The potentially devastating hack of Microsoft email servers, the second major cyberattack in months, adds pressure to the Biden administration as it weighs options for "hacking back" or other moves to protect cyberspace.
Security analysts say stronger actions are needed to deter the attacks which exploited vulnerabilities in corporate and government networks and opened opportunities for espionage and cybercrime.
The latest hack exploiting flaws in Microsoft Exchange service is believed to have affected at least 30,000 US organizations including local governments and was attributed to an "unusually aggressive" Chinese cyberespionage campaign.
The news comes on the heels of revelations that Russia was probably behind the massive SolarWinds hack that shook the government and corporate security last year.
"These are two very big incidents and represent a significant litmus test for the early stages of the Biden administration," said Frank Cilluffo, a former homeland security adviser in the George W. Bush administration who is now the director of Auburn University's McCrary Institute for Cyber and Critical Infrastructure Security.
"A response is important because it sets a precedent and sets the tone for the administration's response to unacceptable cyber behavior."
Cilluffo added that any action would not simply respond to the perpetrators, noting that "everyone else is watching, and other state and nonstate actors are going to pay attention to our ability to respond."
James Lewis, a cybersecurity specialist with the Center for Strategic and International Studies, said the two incidents suggest "that our cybersecurity strategy isn't working against our most skilled and dangerous opponents."
"This means that the espionage advantages are endless," Lewis said. "The Biden team understands this and is trying to change things, but we are far from having a solution."
- Hacking back? -
Until recently, the notion of "hacking back" counterstrikes was considered too politically risky under international norms. But a 2019 agreement among 28 countries set a legal framework for such retaliation, Lewis noted.
"Hacking back by private entities is still illegal, but the case has been made that it is legal for a state to do so in response to an attack," he said.
R. David Edelman, a former digital security adviser to the Obama administration who is now on the faculty at the Massachusetts Institute of Technology, said the new administration faces difficult choices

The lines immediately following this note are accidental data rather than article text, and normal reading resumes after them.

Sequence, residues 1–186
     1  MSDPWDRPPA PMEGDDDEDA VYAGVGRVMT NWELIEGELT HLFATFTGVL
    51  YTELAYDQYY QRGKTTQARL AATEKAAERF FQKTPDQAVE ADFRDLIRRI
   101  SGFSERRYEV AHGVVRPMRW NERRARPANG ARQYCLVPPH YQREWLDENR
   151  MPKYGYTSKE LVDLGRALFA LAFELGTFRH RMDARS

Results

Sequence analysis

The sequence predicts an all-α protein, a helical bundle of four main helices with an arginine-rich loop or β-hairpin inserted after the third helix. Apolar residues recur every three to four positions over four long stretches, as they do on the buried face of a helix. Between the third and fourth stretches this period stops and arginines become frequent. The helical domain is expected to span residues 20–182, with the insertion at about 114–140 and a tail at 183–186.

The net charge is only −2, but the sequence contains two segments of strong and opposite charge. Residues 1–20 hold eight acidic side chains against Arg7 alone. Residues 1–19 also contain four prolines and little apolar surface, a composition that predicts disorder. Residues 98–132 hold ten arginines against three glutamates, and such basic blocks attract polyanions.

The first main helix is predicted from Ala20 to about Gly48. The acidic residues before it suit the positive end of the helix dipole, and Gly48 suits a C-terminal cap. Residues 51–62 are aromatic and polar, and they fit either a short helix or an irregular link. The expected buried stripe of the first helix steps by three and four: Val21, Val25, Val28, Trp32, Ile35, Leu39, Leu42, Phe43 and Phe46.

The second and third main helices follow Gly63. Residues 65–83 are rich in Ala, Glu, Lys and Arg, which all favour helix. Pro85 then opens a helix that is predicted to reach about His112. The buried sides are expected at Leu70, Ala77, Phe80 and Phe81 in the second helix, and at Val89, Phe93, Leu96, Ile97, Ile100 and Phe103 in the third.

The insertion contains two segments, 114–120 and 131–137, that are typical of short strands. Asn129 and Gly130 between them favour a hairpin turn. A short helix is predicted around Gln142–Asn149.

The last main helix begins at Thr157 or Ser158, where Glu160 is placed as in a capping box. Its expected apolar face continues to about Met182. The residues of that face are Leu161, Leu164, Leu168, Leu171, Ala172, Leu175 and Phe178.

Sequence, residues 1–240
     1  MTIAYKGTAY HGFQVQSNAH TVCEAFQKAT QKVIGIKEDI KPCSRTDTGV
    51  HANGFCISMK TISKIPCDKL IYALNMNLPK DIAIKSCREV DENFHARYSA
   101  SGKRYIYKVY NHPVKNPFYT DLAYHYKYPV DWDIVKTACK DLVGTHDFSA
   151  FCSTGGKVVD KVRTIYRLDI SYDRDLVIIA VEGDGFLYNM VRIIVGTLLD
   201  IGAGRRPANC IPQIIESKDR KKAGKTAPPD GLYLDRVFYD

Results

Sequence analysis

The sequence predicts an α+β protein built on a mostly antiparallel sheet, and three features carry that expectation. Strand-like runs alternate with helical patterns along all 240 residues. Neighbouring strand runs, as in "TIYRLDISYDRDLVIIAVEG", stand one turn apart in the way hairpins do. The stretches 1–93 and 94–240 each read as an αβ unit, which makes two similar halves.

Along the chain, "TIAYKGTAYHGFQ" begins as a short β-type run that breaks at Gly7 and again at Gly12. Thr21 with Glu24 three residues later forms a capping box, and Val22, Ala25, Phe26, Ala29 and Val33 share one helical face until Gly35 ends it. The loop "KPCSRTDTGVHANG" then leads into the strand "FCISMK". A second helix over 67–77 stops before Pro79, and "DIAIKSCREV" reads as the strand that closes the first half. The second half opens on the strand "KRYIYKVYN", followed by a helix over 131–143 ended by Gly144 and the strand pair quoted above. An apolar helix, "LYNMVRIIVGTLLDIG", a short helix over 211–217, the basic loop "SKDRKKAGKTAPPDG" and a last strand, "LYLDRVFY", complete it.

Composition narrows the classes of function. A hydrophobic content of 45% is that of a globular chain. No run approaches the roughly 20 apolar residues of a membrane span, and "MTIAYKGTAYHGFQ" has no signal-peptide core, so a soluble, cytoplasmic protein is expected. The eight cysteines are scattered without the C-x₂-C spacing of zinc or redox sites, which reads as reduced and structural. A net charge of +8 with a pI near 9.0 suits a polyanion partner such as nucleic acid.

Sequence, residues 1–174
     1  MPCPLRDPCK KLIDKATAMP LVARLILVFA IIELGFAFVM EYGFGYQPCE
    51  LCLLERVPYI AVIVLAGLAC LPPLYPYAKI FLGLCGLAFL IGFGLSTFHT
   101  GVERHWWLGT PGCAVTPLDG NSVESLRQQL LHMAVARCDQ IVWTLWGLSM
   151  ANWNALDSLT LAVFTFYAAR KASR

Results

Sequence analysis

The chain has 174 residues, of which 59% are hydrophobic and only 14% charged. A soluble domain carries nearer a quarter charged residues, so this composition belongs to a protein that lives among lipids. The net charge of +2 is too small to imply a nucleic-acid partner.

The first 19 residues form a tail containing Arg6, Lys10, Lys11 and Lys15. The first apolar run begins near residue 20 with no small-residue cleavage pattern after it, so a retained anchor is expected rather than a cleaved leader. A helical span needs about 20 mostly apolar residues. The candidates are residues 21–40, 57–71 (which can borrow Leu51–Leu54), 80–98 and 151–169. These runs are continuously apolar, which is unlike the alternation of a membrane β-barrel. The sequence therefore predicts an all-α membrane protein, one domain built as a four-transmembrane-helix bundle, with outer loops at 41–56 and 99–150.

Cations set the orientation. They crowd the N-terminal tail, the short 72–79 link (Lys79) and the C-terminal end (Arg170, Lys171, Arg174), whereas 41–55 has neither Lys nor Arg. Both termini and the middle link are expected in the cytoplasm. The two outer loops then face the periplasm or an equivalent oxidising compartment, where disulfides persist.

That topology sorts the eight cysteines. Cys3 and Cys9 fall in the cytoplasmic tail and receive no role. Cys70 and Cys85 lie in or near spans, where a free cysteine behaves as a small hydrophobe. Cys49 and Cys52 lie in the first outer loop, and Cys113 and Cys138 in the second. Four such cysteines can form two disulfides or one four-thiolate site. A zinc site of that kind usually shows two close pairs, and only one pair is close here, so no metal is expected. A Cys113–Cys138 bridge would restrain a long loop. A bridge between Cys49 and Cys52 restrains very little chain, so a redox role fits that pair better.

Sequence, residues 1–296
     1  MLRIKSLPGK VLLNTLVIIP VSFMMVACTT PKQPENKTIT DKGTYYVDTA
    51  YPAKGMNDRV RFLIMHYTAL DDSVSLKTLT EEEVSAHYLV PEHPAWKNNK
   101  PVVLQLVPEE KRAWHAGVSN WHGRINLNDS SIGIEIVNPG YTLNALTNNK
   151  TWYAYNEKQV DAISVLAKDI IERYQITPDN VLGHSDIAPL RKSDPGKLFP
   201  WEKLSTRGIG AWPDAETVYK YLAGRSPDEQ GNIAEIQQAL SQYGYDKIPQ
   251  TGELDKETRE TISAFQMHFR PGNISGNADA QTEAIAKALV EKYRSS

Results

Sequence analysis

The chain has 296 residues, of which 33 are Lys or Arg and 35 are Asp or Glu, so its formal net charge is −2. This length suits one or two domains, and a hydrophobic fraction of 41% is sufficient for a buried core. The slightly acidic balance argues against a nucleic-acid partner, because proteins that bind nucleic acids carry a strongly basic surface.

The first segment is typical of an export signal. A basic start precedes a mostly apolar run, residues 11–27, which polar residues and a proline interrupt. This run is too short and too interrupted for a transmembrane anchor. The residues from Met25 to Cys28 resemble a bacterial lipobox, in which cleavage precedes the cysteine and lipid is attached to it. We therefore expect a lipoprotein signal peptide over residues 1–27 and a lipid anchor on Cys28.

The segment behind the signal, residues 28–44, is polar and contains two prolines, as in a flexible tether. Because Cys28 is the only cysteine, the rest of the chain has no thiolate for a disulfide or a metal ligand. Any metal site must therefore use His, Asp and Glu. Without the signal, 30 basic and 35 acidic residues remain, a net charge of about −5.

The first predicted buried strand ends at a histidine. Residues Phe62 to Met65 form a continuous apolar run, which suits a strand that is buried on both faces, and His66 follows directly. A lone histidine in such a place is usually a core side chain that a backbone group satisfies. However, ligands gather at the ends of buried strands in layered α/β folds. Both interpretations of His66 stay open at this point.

"The administration has said it wants to impose costs -- and it’s unclear what costs are commensurate. Just like with Solar Winds, the private sector is going to have to pay for another state's adventurism," Edelman said.
"Indictments? Sanctions? They only have so much effect when we're talking about agents safely ensconced in a foreign security state thousands of miles away."
- 'Surgical' response -
Microsoft said a state-sponsored hacking group operating out of China is exploiting previously unknown security flaws in its Exchange email services to steal data from business users.
The hacking group, which it has named "Hafnium," is a "highly skilled and sophisticated actor," according to the company.
This comes following revelations that hackers managed to compromise and instal malware on a piece of security software developed by SolarWinds which is used for management and supervision of networks at many large companies and several US government agencies.
The attack was discovered by cybersecurity company FireEye, which, along with SolarWinds, has pointed the finger at hackers linked to the Russian government.
Last month, Anne Neuberger, the senior White House cybersecurity advisor, said her team was looking "holistically" at retaliation.
"This isn't the only case of malicious cyber activity of likely Russian origin, either for us or for our allies and partners," she said.
Cilluffo said any response must be carefully crafted, like any military action, to punish the intended targets without harming innocent bystanders. That could mean economic, diplomatic or military measures, he said.
"This can't be treated as a cyber incident alone," he said. "It has to be woven into the broader geopolitical and national security machinery of the US government."
This could mean different kinds of responses for Russia, China, North Korea or others believed to be supporting hacker activity.
"A computer network attack is clearly an instrument in our toolbox," he said.
"But we want to do it surgically, discriminately and obviously have impact on those we want to have impact on."